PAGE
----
Oil is plunging again, this time in the wake of OPEC's inability to limit its members' production. The US dollar, meanwhile, is up on the divergence between Fed tightening and ECB/BoJ/BoC easing.
This widening gap is a perfect storm for the many, many entities that have borrowed dollars to speculate in foreign currencies or drill for oil. Some examples:
(Bloomberg) - The commodity-price slump and the slowdown in China's economy are crippling developing nations' ability to borrow abroad, even as international debt sales from advanced nations remain at a five-year high.
Issuance by emerging-market borrowers slumped to a net $1.5 billion in the third quarter, a drop of 98 percent from the second quarter, according to the Bank for International Settlements. That was the biggest downtrend since the 2008 financial crisis and reduced global sales of securities by almost 80 percent, the BIS said in a report.
Emerging-market assets tumbled in the third quarter, led by the biggest plunge in commodity prices since 2008 and China's surprise devaluation of the yuan. The average yield on developing-nation corporate bonds posted the biggest increase in four years, stocks lost a combined $4.2 trillion and a gauge of currencies slid 8.3 percent against the dollar. Sanctions on Russian entities and political turmoil in Brazil and Turkey also affected sales by companies in those countries.
(CNBC) - After years of safely reaching for yield through risky assets like stocks and speculative-grade bonds, Wall Street is heading into 2016 rethinking the strategy.
That trend of low defaults has begun to turn the other way, with the trailing 12-month rate rising to 2.8 percent in November, the highest level in three years, according to ratings agency S&P, which expects defaults to climb to 3.3 percent by Sept. 30, 2016.
Moreover, fellow ratings agency Moody's reported its liquidity stress index in November hit its highest rate since February 2010. Still more troubling is that some of the damage has begun to spill outside the oil, gas and mining sectors, where most of the defaults had been contained.
Fully one-third of oil and gas and mining and metals companies in Moody's coverage universe are on review for downgrade or have negative outlooks.
(Bloomberg) - Amid Brazil's economic and political tumult, the nation's businesses have seen a record number of downgrades this year - and the total is about to get worse.
Fitch Ratings estimates it may slash the ratings of as many as 10 companies for every one it upgrades in 2016. Fitch said that grim scenario is most likely if it chops Brazil's grade, an ever-growing possibility as the country's woes deepen.
A top lawmaker initiated impeachment proceedings against President Dilma Rousseff last week, a move that may further undermine the nation's finances and exacerbate the worst recession in a quarter century. That spells trouble for companies already finding it hard to obtain financing in the wake of an unprecedented corruption scandal at Brazil's state oil company.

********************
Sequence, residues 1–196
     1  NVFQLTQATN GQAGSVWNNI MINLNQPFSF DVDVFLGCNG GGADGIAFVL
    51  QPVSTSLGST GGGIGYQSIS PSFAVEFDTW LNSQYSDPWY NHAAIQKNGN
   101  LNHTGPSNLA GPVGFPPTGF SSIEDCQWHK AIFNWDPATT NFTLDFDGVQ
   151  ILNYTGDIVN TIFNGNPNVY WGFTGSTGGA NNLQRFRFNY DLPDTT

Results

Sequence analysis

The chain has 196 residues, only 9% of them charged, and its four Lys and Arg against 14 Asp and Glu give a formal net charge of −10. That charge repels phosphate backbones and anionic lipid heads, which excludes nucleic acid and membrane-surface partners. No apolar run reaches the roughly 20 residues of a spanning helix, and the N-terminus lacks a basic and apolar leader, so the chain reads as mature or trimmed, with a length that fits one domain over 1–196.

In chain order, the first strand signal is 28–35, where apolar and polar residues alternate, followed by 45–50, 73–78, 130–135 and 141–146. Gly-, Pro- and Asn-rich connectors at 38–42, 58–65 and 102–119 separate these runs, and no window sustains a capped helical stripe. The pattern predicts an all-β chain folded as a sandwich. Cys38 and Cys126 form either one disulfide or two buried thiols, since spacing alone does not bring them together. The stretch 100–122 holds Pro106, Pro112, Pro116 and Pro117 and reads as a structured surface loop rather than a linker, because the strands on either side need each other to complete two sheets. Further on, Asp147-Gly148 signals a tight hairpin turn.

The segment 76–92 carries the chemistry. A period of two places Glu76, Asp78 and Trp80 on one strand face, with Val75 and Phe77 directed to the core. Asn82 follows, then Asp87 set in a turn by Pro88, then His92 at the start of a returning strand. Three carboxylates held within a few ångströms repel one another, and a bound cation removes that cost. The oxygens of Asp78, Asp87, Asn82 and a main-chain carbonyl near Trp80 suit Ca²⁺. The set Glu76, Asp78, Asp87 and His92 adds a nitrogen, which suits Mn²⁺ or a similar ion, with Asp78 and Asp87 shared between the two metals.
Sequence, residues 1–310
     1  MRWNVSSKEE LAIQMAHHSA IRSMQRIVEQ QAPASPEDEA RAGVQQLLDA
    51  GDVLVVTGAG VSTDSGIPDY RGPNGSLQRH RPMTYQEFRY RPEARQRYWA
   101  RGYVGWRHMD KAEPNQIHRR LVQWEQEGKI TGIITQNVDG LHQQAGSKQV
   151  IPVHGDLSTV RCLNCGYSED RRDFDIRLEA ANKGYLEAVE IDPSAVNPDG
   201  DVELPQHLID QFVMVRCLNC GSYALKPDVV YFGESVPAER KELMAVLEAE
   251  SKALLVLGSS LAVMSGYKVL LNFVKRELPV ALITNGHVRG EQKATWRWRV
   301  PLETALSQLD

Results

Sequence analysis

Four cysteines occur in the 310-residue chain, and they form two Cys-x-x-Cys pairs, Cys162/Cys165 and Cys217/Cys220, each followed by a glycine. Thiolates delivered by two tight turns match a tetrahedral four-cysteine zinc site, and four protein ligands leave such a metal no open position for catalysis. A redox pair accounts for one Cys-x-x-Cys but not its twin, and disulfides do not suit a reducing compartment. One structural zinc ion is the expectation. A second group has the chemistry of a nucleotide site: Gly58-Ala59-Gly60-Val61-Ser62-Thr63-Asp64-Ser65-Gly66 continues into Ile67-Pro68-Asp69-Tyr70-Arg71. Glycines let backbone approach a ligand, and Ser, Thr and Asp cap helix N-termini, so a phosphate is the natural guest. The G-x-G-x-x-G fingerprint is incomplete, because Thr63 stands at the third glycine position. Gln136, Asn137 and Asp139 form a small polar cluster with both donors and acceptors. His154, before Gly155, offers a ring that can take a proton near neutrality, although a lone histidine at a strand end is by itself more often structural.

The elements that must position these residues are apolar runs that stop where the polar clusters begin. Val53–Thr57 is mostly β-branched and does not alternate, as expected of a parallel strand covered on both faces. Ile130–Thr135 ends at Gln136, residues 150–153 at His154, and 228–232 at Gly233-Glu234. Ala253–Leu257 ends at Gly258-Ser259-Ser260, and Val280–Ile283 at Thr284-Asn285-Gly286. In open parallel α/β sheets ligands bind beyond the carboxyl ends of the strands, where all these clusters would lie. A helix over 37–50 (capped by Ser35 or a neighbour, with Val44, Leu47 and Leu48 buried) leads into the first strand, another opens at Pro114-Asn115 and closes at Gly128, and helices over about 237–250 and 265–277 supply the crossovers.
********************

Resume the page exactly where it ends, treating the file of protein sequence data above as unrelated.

"You will see companies burning cash," Fitch's Carvalho said. "The cross-border market is closed for Brazilian companies, and the local market is selective."
(CNBC) - If Saudi Arabia maintains oil production at current levels amid the oil price crash, then it's going to have to cut its budget - or it will likely be bankrupt by the end of the decade. The big issue is Saudi Arabia's big spending ways, especially increased government spending on social welfare programs.
According to the IMF, government expenditures in Saudi Arabia are expected to reach 50.4 percent of GDP in 2015, up from 40.8 percent in 2014. That increase can be attributed to two things: falling oil prices (it's bringing in less revenue) and an inflated budget (it's spending more money).
It's no secret that a large portion of Saudi Arabia's roughly 30 million people rely on the government for economic support. In February, the newly crowned King Salman doled out a reported $32 billion to the Saudi people in bonuses and subsidies to celebrate his ascension to the throne.
"We are a welfare society, so the population depends a lot on government subsidies, directly and indirectly," Abdullah Al-Alami, a Saudi writer and economist, recently told The New York Times. "But one day we are going to run out of oil, and I don't believe it is wise to be pampered and subsidized."
To summarize, the world is entering a classic credit crunch, in which lending dries up for marginal borrowers first before tightening for core entities like multinational corporations and developed world governments. And it's just beginning.
Most of today's crises evolved with oil considerably higher and the dollar somewhat lower, so current conditions are actually a lot worse than those that, for instance, caused emerging market debt issuance to evaporate and shoved Brazil into existential crisis.
And since oil overproduction will likely to continue while the differences in central bank policies are etched in stone for the next few months at least, it's possible that the performance gap between oil and the dollar will widen going forward. This will turbo-charge today's crises and add a few more, as oil producing US states hit financial walls and big chunks of the developing world follow Brazil down the drain.